Purely based on logic, these citizens were much more innocent than the citizens who died in the London Subway terror attacks.Contrary to the British, neither Iraqis, nor Japanese had any saying in their government's policies, the policy of emperor Hirohito or Saddam Hussein was not by definition the will of their citizens, nor did these despots hold a mandate from their subordinates. But the subordinates had to pay and we delivered the payload and we did it on a massive scale and we were successful. Others trying to do the same, on a much much smaller scale are branded terrorist. Note I'm not changing the definition of terrorism to suit my own taste, on the contrary, I'm just being consistent instead of using the word randomly based on arbitrary criteria. The one thing which today’s terrorists can be accused of is their incompetence and lack of effectiveness, since your average terrorist takes out only a handful of people with every attack at best, save nine eleven which was a remarkable exception. State-sponsored terrorism such as the attacks on Hiroshima, Iraq claimed hundreds of thousands of lives.

But nowhere in the world is the definition of terrorist so randomly tossed around as in the birthplace of modern terrorism: Israel. According to the Old Testament ancient Israel was born by the sword, the area was ethnically cleansed in a gruesome fashion, I will not abuse this to discredit today's Israelis since such practices were rule rather than exception in those barbaric days. What is troubling however is the fact that modern Israel too was born by the sword although in a less bloody way than its ancient version. At the start of the last century Israel was known as the Mandate Palestine which was under British rule, it housed a majority of Christian and Muslim Arabs and a minority of Jews, some of the latter were so-called Sabra Jews who were born in the Mandate Palestine and some of them Zionist immigrants who had escaped the surge in antisemitic acts in Europe and Asia. Noteworthy is that by 1948 the Mandate Palestine ceased to exist and the nation of Israel was born and the non-Jewish majority had evolved into a minority.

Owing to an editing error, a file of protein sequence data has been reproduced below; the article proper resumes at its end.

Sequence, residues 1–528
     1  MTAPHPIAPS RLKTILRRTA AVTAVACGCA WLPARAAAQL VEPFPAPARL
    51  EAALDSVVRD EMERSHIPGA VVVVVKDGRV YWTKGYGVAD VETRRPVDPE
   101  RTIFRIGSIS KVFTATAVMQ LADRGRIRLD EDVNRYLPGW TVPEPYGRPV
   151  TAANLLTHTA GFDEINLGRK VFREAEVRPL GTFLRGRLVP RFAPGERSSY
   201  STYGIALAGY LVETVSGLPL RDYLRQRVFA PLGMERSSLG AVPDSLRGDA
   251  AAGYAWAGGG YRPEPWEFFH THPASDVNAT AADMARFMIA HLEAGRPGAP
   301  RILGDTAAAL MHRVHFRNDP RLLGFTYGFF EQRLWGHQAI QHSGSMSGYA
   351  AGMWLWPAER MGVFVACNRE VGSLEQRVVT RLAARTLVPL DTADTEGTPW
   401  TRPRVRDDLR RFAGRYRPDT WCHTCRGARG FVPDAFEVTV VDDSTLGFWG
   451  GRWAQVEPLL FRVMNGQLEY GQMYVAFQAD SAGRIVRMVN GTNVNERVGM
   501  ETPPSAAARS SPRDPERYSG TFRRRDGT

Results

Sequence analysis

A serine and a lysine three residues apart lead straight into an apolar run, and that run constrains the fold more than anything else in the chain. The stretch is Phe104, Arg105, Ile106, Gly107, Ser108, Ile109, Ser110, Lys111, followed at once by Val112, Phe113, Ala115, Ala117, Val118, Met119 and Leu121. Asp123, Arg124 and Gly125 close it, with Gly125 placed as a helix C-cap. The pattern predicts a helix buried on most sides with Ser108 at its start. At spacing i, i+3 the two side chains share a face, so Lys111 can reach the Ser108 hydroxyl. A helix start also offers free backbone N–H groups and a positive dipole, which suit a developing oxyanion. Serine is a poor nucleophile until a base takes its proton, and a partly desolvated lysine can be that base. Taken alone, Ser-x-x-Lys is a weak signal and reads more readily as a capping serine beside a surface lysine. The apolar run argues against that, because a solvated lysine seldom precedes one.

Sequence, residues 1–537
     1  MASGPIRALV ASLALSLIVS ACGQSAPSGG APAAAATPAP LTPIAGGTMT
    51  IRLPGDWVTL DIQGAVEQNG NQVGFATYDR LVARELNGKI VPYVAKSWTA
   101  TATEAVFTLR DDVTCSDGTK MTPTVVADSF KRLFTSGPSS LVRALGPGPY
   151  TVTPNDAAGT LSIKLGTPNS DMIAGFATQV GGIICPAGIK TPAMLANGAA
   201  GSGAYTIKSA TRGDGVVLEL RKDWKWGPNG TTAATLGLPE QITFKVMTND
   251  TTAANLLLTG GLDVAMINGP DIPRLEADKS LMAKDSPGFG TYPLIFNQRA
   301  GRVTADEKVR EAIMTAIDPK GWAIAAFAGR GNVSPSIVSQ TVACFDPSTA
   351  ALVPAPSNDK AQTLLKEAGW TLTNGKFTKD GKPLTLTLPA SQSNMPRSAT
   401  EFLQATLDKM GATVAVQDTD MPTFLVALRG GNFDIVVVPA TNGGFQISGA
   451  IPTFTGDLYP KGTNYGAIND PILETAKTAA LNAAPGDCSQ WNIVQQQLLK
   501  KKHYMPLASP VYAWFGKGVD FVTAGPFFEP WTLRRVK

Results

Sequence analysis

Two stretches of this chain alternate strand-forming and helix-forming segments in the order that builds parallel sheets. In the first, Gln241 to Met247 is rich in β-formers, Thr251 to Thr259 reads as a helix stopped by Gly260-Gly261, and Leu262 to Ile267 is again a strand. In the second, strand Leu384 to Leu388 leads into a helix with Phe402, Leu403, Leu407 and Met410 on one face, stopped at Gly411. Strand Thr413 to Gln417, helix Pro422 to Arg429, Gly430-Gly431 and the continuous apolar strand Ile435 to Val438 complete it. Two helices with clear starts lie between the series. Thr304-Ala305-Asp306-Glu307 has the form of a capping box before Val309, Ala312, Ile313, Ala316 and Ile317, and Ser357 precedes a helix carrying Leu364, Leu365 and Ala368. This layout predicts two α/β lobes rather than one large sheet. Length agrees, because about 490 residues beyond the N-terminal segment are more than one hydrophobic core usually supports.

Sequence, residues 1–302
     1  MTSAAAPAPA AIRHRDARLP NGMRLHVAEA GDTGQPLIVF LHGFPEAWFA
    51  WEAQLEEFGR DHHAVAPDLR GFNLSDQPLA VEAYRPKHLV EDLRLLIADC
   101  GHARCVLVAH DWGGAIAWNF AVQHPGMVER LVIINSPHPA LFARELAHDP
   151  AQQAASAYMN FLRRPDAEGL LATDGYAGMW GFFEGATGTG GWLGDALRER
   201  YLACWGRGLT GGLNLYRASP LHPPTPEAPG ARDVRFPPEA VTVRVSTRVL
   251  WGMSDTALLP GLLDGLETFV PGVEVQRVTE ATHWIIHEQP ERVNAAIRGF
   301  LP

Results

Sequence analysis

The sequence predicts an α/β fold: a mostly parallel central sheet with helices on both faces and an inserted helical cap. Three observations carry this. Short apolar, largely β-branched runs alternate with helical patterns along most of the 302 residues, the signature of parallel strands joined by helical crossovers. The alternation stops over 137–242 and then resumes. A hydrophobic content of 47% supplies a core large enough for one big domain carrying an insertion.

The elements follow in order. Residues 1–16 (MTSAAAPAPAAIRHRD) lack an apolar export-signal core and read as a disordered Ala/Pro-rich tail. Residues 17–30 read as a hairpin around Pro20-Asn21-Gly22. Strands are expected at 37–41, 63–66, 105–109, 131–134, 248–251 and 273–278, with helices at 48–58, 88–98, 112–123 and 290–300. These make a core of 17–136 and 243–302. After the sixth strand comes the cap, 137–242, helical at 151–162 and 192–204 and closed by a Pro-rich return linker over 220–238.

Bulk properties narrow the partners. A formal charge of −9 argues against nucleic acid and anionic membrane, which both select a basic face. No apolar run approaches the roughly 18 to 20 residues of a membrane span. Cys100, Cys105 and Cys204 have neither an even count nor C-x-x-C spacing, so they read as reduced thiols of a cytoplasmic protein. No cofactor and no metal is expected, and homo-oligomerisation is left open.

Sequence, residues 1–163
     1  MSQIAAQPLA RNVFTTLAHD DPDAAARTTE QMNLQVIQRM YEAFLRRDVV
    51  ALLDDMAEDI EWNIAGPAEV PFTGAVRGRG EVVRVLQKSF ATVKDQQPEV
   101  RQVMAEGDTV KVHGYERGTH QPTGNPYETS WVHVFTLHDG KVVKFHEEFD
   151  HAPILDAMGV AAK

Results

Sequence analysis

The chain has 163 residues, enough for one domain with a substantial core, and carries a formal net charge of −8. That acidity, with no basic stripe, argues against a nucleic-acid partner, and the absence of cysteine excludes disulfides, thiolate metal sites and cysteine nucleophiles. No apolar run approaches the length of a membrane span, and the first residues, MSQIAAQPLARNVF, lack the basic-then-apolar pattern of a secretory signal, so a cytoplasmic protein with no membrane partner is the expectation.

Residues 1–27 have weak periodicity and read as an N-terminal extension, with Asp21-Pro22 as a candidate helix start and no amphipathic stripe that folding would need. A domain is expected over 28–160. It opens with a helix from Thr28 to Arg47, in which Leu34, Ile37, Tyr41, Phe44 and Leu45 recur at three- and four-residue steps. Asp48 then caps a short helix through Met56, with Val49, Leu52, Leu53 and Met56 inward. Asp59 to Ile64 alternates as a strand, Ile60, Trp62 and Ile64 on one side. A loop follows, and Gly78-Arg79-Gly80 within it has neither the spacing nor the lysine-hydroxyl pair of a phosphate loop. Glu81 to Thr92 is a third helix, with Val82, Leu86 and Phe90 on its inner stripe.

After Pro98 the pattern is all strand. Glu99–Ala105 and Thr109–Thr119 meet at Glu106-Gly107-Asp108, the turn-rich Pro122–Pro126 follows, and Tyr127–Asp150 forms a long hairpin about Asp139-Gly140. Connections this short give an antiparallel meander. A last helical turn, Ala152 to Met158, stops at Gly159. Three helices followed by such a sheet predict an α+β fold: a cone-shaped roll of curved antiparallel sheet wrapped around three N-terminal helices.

More than nature's course and healthy Jewish immigration lead to this remarkable demographic shift. A string of terror attacks by Zionist organizations such as IRGUN against British and Palestinians finally broke the will of the British and Palestinians and so Israel was born. One of the most notorious and bloody terrorist attacks by Jewish groups was the bombing of the King David Hotel in Jerusalem which killed around 100 people and seriously wounded many more. The King David Hotel bombing was not the first attack, dozens more preceded it. King David Hotel was the beginning of the end for British rule in the Mandate Palestine. Noteworthy is the fact that the attack was ordered by Menachem Begin, who later went on to become the Prime Minister of Israel and even received the Nobel Peace Prize, dealing a huge blow to the Nobel Prize committee's reputation. It is ironic, but Israel was perhaps the first and most successful product of successful tactical terrorism, but they paid a price since their own success became a source of inspiration for the Palestinians to adapt similar methods starting in the late 1960's. Of course by then, terrorism was no longer a justified resistance struggle tactic like it was during Menachem Begin's days, but had become an act of barbarism. Too bad for the Palestinians.

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Above: The King David Hotel bombing.

Indeed, one man's terrorist is another man's freedom fighter.